Retro Rampage is a tutorial series in which you will learn how to build a Wolfenstein-like game from scratch, in Swift. Initially the game will be targeting iPhone and iPad, but the engine should work on any platform that can run Swift code.
Modern shooters have moved on a bit from Wolfenstein's grid-based 2.5D world, but we're going to stick with that template for a few reasons:
It's feasible to build Wolfenstein's 3D engine from scratch, without a lot of complicated math and without needing to know anything about GPUs or shaders.
It's simple to create and visualize maps that are constructed on a 2D grid, avoiding the complexities of 3D modeling and animation tools.
Tile grids are an excellent way to prototype techniques such as procedural map generation, pathfinding and line-of-sight calculations, which can then be applied to more complex worlds.
Ever since I first played Wolfenstein 3D on a friend's battered old 386 back in 1993, I was hooked on the First-Person Shooter.
As an aspiring programmer, I wanted to recreate what I had seen. But armed only with 7th grade math and a rudimentary knowledge of BASIC, recreating the state-of-the-art in modern PC 3D graphics was hopelessly beyond my reach.
More than two decades later, a few things have changed:
We have the iPhone - a mobile computer many hundreds of times more powerful than a DOS-era desktop PC; We have Swift - a simple, powerful programming language with which to write apps and games; Finally - and most importantly - we have the Wolfenstein source code, and the wizardry behind it has been thoroughly demystified.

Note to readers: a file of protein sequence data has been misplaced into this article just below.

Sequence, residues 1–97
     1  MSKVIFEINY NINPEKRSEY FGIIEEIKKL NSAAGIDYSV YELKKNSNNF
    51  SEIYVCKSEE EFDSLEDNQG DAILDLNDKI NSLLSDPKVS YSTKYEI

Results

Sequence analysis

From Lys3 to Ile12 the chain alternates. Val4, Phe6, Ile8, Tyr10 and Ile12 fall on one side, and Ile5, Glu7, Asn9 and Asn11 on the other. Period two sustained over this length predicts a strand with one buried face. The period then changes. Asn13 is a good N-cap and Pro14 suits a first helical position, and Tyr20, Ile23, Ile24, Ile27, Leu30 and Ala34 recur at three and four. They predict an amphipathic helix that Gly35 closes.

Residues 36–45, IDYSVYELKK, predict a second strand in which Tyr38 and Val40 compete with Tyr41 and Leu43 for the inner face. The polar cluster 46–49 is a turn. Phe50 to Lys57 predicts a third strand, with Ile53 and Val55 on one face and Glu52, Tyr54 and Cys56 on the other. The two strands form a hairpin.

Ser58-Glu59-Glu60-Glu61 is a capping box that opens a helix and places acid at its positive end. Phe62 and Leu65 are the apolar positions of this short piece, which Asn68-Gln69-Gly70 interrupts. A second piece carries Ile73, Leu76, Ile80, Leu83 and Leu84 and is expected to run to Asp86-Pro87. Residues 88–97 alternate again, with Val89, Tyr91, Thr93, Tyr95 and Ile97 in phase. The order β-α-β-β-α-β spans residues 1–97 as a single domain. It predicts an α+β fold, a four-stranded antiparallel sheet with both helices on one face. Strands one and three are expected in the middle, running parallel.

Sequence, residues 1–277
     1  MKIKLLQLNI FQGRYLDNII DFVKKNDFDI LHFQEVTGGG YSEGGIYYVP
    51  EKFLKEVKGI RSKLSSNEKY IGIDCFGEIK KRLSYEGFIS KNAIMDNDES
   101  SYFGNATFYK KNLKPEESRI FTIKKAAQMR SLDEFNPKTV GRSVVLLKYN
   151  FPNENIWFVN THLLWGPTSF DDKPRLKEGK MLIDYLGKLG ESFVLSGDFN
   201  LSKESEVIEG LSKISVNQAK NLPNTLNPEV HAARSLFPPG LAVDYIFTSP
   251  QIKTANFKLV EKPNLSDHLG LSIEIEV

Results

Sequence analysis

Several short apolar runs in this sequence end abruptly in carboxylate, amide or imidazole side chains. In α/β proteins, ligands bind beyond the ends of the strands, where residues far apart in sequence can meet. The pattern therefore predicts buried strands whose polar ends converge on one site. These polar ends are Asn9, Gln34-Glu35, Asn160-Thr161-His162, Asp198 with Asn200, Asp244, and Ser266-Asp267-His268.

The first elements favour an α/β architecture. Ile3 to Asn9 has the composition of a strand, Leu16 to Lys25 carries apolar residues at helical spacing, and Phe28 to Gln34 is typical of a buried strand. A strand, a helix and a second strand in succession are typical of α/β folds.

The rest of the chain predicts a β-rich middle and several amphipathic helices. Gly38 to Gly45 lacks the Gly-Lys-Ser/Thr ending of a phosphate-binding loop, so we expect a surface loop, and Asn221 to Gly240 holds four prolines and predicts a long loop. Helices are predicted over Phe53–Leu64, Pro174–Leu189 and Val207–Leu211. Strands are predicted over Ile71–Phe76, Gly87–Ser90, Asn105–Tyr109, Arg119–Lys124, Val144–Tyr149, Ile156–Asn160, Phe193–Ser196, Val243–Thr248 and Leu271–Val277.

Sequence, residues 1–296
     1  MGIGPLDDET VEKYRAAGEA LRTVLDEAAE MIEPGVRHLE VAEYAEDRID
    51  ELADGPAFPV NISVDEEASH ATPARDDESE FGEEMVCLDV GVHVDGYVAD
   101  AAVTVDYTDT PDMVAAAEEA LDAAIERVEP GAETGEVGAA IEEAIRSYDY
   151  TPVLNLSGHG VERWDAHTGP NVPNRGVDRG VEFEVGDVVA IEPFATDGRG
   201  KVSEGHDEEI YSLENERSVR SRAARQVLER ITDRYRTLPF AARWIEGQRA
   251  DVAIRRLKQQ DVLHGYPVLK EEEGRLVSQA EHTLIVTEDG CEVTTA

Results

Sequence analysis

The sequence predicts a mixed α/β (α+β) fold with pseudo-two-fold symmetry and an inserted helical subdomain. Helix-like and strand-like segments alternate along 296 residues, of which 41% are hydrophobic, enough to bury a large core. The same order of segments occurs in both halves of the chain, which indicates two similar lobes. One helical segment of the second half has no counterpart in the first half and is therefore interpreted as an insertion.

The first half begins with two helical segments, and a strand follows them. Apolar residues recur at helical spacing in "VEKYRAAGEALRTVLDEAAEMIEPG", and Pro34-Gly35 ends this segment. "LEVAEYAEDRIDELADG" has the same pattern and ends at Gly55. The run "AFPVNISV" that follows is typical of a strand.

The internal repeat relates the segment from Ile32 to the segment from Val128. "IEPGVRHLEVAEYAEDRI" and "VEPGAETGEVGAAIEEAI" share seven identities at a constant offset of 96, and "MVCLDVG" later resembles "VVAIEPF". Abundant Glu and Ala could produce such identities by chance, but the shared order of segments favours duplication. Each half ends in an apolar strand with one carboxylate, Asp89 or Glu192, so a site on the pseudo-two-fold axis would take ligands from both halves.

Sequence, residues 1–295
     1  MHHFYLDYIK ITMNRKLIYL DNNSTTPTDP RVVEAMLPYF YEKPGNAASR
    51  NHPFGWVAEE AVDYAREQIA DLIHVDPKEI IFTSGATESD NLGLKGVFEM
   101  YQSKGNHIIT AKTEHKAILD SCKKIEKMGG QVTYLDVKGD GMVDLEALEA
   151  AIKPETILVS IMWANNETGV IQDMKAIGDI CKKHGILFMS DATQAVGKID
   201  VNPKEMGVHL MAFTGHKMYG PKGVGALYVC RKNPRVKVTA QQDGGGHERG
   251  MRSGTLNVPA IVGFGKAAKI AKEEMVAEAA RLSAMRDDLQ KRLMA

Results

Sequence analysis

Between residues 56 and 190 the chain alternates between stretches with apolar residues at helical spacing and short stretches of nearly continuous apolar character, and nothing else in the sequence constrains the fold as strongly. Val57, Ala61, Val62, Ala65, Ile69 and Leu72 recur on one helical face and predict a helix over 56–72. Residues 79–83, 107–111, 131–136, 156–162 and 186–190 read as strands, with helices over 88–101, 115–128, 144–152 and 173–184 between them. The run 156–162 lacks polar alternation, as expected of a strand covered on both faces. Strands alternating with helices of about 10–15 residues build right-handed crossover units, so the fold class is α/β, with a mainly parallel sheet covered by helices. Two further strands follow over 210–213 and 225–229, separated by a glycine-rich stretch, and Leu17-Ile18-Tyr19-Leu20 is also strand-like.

I guess now is as good a time as any to scratch that quarter-century itch and build an FPS!
The tutorials below are designed to be completed in order, and each step builds on the code from the previous one. If you decide to skip ahead, project snapshots for each step are available here.
The tutorials are written with the assumption that you are already familiar with Xcode and are comfortable setting up an iOS project and adding new files to it. No knowledge of advanced Swift features is required, so it's fine if you've only used Objective-C or other C-like languages.
Unlike most apps, games are typically designed to be independent of any given device or OS. Swift has already been ported to many platforms outside of the Apple ecosystem, including Android, Ubuntu, Windows and even Raspberry Pi. In this first part, we'll set up our project to minimize dependencies with iOS and provide a solid foundation for writing a fully portable game engine.
Wolfenstein 3D is really a 2D game projected into the third dimension. The game mechanics work exactly the same as for a top-down 2D shooter, and to prove that we'll begin by building the game from a top-down 2D perspective before we make the shift to first-person 3D.
Long before hardware accelerated 3D graphics, some of the greatest game programmers of our generation were creating incredible 3D worlds armed only with a 16-bit processor. We'll follow in their footsteps and bring our game into the third dimension with an old-school graphics hack called ray casting.
In this chapter we'll spruce up the bare walls and floor with texture mapping. Texture mapping is the process of painting or wall-papering a 3D object with a 2D image, helping to provide the appearance of intricate detail in an otherwise featureless surface.
It's time to introduce some monsters to keep our player company. We'll display these using sprites - a popular technique used to add engaging content to 3D games in the days before it was possible to render textured polygonal models in real-time with sufficient detail.